Radio DJ had car taken away from him due to falling ad sales after father died, tribunal hears
Published 08/07/2015 | 09:15
A DJ at Ireland’s most popular local radio station was told a week after his father died from cancer that his car was being taken from him because of his falling advertising sales, he has told an Employment Appeals Tribunal.
Former Highland Radio presenter Stephen Lynch (38) was giving evidence on the second day of a hearing for his claim for constructive dismissal.
The panel sitting in Letterkenny has already heard how the father of three was paid €390-a-week for his two-hour afternoon show, the second most popular slot on the station.
He was expected to sell advertising each morning before doing his show to supplement his income.
However his sales fell 11pc in 2012 from the previous year from €79,000 to €70,000.
Mr Lynch alleged during his evidence that he was put under constant pressure by advertising manager John Clancy, son-in-law of station owner Gerry Rabbitte, to increase sales despite the recession.
“I remember my father saying to me at the time that the only way I could increase sales was if I went and got a gun,” said Mr Lynch.
He said his father had battled cancer for ten years and in 2012 he had a relapse.
In the final weeks before his father’s death, said Mr Lynch, he would spend mornings with his parents helping to lift his father out of bed, before driving from his home in Carndonagh to Letterkenny to do his show.
On his return he would help his father again.
When his father died in October 2012 he was given a week’s annual leave but within a week of his return he was told his use of a pool car was being withdrawn.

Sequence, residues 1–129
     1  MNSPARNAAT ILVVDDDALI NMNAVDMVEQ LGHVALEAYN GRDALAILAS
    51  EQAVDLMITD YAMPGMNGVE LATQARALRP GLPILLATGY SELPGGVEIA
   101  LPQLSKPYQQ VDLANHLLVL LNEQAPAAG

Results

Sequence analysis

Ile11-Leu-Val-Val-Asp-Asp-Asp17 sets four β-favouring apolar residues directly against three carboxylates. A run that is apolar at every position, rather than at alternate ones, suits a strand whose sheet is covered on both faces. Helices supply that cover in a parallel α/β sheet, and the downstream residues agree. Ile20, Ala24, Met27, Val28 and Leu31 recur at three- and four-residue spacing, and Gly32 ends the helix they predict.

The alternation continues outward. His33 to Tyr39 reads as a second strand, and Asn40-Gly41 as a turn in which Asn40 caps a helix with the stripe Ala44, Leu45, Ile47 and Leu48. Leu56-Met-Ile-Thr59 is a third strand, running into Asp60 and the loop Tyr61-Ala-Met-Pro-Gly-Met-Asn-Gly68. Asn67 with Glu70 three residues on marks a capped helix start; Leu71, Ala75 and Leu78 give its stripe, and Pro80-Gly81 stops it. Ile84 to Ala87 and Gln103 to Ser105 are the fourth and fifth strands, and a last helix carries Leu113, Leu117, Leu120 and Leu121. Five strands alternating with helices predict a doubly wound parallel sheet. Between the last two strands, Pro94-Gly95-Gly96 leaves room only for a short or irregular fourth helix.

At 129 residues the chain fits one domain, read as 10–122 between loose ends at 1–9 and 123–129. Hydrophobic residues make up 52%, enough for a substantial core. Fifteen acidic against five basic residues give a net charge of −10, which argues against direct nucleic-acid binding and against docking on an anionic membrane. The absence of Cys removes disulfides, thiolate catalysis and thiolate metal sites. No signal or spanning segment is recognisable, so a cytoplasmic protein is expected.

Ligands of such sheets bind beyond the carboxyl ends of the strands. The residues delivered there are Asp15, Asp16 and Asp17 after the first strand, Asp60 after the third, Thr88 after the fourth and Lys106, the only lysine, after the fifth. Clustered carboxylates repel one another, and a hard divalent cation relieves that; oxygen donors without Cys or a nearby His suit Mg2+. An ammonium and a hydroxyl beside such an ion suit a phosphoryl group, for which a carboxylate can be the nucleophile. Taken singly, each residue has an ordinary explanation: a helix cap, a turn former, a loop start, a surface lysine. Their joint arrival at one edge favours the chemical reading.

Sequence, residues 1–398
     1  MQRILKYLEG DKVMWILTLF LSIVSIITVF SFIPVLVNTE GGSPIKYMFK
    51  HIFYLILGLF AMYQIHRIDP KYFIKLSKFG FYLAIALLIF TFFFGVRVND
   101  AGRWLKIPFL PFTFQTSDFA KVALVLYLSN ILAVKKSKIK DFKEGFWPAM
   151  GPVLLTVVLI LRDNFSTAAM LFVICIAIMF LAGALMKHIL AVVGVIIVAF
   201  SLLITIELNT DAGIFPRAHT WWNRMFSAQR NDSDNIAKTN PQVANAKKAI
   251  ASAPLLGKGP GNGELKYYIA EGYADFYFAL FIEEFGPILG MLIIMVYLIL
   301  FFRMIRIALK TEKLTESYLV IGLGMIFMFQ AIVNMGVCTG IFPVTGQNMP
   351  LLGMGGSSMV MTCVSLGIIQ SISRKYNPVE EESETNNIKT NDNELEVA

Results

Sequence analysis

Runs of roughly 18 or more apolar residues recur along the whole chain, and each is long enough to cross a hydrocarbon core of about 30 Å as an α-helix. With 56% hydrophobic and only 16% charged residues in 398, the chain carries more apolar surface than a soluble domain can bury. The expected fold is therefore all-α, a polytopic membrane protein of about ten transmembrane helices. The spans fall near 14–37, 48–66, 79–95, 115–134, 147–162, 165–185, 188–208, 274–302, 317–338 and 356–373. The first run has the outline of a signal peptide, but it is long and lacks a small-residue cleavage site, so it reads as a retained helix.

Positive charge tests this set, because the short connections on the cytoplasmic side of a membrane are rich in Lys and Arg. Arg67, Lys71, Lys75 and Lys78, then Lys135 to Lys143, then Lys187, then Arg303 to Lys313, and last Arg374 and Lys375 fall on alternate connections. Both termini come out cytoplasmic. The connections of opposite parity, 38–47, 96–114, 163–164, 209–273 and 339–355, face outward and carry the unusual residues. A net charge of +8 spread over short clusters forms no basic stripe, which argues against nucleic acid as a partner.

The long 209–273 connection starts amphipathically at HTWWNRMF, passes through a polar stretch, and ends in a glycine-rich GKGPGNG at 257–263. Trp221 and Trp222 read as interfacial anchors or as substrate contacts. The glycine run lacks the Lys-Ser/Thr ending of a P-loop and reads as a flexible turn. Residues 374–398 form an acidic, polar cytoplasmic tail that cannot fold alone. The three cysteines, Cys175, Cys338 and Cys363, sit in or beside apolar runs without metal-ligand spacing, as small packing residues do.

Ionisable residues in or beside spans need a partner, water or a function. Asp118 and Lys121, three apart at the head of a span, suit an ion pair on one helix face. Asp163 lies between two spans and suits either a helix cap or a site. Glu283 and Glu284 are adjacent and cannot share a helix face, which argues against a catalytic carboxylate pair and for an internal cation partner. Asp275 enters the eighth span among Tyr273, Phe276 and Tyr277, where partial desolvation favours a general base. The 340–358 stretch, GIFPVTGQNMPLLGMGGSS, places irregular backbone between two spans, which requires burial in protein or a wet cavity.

This was implemented in January, he said.
He also had his list of clients reduced from 60 or 70 to just 15, severely curbing his chances of making commission from advertising sales.
This resulted, he argued, in a loss of weekly earnings of more than €200.
Mr Clancy, he alleged, didn’t understand the local advertising market.
“The money wasn’t there, there were several radio stations in the North broadcasting into Inishowen where my sales were and they were an awful lot cheaper than what Highland was offering,” said Mr Lynch.
“Inishowen was badly hit by the recession. All those who had worked in the building trade were gone, they were all out of jobs and that was having a big knock-on effect on everything else.
“One day in particular John Clancy gave me a list – there were always loads of lists. He said these advertisers had been on the station three years ago and he wanted to know why are they not advertising now.
“I scored a line through at least eight of the businesses. They had closed.
“He (Mr Clancy) was ill-informed – he was expecting too much to come out of an area suffering badly from the recession.”
Mr Lynch alleged that the loss of his pool car and his reduced sales made it impossible for him to continue his DJ job at Highland.
“John Clancy chipped and chipped and chipped away at me until he broke me. I had no problems with Mr Rabbitte because I rarely saw him,” said Mr Lynch in his evidence.
He resigned in May after his attempt to have his DJ wages increased to €611. He was offered €450 per week to stay.
“It was a choice between Highland Radio and the job I loved and a roof over my head and I chose the roof over my head for my family. There was no way I could pay all my bills and drive 85 miles a day on that wage,” he said.
Alistair Purdy, solicitor for Highland Radio, put it to Mr Lynch that the offer of €450 per week just to do his DJ job for 10 hours per week was a generous one and that Mr Lynch was ‘foolhardy’ to walk away from it.
He also said it was ironic that Mr Lynch was part of a new license bid for north Donegal in September 2013.
Mr Lynch said he was only approached to be part of the bid after he left Highland.
The radio station is contesting the case and is expected to call its witnesses later today.